By Natalie Melton, Co-Founder of The New Craftsmen
Since starting The New Craftsmen in 2012, one of the great pleasures of the business has been the international links we have forged with others who share our desire to ensure craft thrives and flourishes in the 21st century.
One such organisation has been Norwegian Crafts, who were established by the Norwegian government to promote the country’s craft makers on an international scale.
This small, though extremely dynamic organisation has not only showcased Norwegian craft on a global stage, but also runs a programme to bring international visitors to Norway to meet with their makers first hand through an intensive programme of studio visits, exhibitions and craft ‘speed dating’.
I was lucky enough to be invited to join the 2018 field trip. Over the course of four intense days I met with a multitude of people in both Bergen and Oslo, as part of the B-open and Oslo Open Studio weekends, where both cities encourage local artists to open their studios to the public.
The climate and context for making is completely different in Norway to the UK and the differences were quite stark. In both cities the studios were large, generously proportioned and affordable. There is a system of funding there that enables artists the time and space to fully pursue their work. Many we met with had been recipients of scholarships and grant funding that gave them a degree of financial security and enabled them to focus on experimentation and developing their practice.
It was an incredibly rich and intense few days, with unlimited access to a small, but thriving ecosystem of artists and makers. Many of their studios are connected or close together (rippling right through the centre of Oslo and beyond), they are passionate about what they do and have a relentless desire to make the most dynamic, considered, significant work that they can.
Most artists in Norway have the opportunity to work on large scale public commissions at some stage in their career. A 1% public art commitment on all civic construction means that commissions are plentiful and enable makers to work at scale as part of their regular practice. Many of the portfolios I saw also had commissions within public institutions- galleries and museums seem to commission work frequently, creating strong dialogues between the old and the new.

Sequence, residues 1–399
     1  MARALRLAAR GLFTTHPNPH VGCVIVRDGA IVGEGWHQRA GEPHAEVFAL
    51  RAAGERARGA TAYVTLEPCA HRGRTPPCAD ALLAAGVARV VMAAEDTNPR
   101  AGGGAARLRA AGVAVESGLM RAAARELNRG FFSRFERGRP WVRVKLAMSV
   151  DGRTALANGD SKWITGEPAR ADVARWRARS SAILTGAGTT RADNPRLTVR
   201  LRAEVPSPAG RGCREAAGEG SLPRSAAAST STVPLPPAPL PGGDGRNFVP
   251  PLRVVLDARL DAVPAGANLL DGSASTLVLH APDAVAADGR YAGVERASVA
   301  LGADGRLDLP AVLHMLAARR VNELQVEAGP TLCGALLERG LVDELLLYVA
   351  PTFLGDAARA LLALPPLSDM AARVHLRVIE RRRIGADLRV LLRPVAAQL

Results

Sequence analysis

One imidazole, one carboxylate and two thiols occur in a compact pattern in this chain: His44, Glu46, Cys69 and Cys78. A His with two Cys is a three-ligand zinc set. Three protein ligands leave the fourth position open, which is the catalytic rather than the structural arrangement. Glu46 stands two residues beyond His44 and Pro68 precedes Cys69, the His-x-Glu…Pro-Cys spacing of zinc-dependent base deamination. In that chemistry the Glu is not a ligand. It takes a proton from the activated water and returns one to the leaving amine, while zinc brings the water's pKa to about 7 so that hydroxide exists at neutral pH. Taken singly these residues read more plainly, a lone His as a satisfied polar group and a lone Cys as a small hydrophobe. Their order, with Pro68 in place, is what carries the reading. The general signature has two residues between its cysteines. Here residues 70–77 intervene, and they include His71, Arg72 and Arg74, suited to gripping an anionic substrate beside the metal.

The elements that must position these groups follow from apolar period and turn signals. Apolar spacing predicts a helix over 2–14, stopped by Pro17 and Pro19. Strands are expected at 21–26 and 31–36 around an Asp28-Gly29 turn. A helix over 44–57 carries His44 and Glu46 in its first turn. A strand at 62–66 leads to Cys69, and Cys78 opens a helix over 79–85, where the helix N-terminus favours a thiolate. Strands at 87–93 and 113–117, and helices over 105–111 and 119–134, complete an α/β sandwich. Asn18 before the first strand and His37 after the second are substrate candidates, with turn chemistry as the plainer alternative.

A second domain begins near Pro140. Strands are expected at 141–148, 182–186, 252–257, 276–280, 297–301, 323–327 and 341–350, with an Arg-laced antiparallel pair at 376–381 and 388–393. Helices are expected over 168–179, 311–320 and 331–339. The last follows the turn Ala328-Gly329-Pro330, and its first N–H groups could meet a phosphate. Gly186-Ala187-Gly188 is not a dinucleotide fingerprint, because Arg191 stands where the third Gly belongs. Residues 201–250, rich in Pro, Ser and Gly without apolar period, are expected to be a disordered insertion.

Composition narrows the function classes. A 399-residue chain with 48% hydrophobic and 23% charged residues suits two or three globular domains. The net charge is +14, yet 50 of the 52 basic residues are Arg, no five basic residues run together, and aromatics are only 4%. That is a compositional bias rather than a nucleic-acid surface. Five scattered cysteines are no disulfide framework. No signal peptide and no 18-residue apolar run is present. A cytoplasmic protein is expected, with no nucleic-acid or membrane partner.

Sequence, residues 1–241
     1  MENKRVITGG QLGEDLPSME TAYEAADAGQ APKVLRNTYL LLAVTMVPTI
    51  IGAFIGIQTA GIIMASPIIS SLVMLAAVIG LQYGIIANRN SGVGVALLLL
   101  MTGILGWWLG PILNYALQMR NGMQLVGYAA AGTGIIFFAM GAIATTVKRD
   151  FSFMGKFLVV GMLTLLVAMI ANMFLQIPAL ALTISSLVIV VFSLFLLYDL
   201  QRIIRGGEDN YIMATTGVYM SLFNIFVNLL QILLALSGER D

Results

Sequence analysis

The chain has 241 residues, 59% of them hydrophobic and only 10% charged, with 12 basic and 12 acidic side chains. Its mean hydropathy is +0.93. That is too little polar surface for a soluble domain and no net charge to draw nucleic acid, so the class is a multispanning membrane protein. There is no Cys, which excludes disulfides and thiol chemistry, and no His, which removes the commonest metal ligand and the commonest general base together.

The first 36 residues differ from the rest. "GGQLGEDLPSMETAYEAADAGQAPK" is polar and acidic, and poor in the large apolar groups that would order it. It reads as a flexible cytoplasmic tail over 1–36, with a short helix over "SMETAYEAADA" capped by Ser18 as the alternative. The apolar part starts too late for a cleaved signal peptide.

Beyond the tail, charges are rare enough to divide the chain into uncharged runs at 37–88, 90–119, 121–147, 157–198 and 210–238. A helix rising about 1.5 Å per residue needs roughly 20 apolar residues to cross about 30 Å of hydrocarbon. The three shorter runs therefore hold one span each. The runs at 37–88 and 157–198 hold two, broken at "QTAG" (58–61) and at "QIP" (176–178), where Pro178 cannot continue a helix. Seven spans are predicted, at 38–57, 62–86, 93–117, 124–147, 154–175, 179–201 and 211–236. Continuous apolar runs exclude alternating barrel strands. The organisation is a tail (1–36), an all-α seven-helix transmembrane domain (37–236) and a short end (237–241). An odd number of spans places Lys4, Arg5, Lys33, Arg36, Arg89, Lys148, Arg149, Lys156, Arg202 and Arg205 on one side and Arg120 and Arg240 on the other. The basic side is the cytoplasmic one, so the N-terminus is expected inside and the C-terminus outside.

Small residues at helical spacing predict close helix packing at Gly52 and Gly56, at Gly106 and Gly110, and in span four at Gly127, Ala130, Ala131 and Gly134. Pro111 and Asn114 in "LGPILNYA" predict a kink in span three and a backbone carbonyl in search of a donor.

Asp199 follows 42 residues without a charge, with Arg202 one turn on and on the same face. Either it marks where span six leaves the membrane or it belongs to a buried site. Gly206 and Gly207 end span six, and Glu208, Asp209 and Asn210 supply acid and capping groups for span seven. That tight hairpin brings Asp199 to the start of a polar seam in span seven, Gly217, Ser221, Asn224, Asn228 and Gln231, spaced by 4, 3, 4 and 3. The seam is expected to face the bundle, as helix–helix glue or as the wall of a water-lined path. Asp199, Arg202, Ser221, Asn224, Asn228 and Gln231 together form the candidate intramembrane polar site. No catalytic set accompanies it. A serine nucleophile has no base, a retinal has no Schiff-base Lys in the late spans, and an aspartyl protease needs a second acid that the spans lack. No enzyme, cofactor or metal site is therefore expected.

However, whilst the public support of craft is strong, then this is perhaps necessarily so because the market for sales and commissions is at best limited in Norway. Only a few artists I spoke to had their own client base and private market for their work, those that did seemed to have done this through showing their work internationally and being picked up by galleries in other markets. Work is judged and appraised by merit, not economic value.
It left me feeling quite sad that our own arts ecosystem of support has been hollowed out so much over the last few years and what a pressure it puts on those who must juggle the desire to make with the needs to survive – particularly in London. It made me proud of organisations such as Cockpit, who are a beacon of hope in a city decimating its artist workspace right now.
Most thrillingly, it highlighted some of the strong parallels between lines of enquiry of our own makers and those that I met in Norway, and was wonderful to share stories of our own makers, and see them getting as excited about their work as I was. It left me energized, enriched, and incredibly proud to be part of a growing international movement to increase the visibility & profile of exceptional craft makers across the globe.
Highlights from the tour
A ceramicist and curator, I was familiar with Heide’s work by sight but loved having the chance to learn more about the curatorial practice. Her ceramics are playful, colourful, and display both a fascination with form and finish – employing a variety of shapes – often in a single work, and a broad palette of glaze colours and finishes.
There was a sense of ritual to entering Boghild’s studio, a light filled space with the mountains as a backdrop. Fragments of her textile work sit side by side with the tools or everyday use. Small garments, dipped in concrete dot the space, like shadows punctuating her workspace. We sat with coffee as she lifted a blanket from a chair, revealing a messy pile of clothes that had been dipped in concrete and were slowly drying.
Franz Petter Schmidt
Working from an 18th century workhouse in the centre of Oslo, Franz is painstakingly documenting the decline of the textile industry in Norway through archive research and material reconstruction, using archive documents to reproduce fabrics woven over a hundred years ago and brings them back to life through collaborating with an ethical fashion brand in Norway. He works on the same looms that were used by prisoners put to work as part of their rehabilitation, and the space is rich with the layers of its history.
Hanne Friss Schmidt
Hanne is a textile artist who sculpts monumental works from fabric and stitch, using her own body to inform the shapes of her work, working instinctively for extended periods of time. Her work has been presented extensively in galleries and museums across Norway, and later this year she will take a series of new pieces to Mexico as part of an exhibition of Norweigan Artists.
Discover the inspiration, technique and process of our talented makers working across the UK and Ireland by exploring their pages.